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Godfathers - Songs about Love and Hate : An Intro

  by John Clarkson

published: 13 / 1 / 2002

Godfathers - Songs about Love and Hate : An Intro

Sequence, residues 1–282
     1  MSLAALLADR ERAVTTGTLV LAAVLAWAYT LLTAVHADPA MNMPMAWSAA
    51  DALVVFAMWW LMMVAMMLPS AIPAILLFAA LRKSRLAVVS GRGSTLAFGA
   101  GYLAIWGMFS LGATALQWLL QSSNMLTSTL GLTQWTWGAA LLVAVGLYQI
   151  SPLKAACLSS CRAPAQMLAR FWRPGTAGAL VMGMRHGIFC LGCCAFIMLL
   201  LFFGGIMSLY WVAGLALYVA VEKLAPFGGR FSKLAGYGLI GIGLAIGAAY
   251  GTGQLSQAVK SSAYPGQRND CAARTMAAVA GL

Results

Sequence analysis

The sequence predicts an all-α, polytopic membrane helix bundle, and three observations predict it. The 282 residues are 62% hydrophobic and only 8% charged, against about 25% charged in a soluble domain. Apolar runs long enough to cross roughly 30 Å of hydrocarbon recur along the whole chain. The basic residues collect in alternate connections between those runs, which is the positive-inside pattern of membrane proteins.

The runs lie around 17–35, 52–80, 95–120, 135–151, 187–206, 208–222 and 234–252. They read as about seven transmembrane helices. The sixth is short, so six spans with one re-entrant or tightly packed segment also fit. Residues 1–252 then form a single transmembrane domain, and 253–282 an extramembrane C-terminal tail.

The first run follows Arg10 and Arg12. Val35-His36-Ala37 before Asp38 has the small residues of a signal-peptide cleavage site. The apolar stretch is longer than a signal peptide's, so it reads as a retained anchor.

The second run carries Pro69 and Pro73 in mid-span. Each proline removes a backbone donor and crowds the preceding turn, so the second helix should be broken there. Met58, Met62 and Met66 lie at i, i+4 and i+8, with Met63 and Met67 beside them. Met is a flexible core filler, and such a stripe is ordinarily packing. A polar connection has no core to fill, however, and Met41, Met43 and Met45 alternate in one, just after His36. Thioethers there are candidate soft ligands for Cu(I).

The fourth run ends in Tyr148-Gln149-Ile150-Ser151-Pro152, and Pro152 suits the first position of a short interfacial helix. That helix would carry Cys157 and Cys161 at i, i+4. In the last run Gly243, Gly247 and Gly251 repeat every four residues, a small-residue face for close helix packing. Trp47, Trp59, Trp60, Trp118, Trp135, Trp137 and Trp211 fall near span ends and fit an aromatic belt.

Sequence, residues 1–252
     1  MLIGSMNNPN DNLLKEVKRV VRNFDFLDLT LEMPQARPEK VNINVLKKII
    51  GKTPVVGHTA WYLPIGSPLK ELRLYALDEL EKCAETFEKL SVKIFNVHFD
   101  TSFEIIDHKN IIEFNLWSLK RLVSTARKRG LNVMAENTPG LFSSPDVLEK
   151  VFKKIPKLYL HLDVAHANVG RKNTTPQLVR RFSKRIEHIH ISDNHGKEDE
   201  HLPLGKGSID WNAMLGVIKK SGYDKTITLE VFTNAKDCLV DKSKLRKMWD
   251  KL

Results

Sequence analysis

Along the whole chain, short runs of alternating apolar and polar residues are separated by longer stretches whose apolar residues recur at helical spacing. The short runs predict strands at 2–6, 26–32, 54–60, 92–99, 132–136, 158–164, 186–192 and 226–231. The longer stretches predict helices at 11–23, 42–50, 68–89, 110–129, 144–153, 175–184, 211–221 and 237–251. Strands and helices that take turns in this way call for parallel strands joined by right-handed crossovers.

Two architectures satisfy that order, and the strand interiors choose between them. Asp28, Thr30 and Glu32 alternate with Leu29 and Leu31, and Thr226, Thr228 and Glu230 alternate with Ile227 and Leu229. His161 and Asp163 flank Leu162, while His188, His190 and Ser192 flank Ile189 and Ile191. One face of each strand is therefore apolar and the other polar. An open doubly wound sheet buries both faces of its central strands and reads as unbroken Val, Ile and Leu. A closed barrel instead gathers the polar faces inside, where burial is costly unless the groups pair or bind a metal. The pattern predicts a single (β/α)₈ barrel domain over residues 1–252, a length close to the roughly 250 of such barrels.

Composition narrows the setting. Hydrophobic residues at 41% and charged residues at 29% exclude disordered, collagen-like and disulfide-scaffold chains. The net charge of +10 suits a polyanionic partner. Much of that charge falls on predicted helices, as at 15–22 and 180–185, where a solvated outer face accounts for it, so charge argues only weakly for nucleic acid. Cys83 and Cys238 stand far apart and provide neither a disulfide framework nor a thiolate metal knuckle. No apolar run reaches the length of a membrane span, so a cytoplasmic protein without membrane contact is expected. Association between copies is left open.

The band’s second album, and their most famous work, ‘Birth, School, Work, Death’ came out in February 1988. The album had the more polished and slightly slicker feel that a larger budget brings, but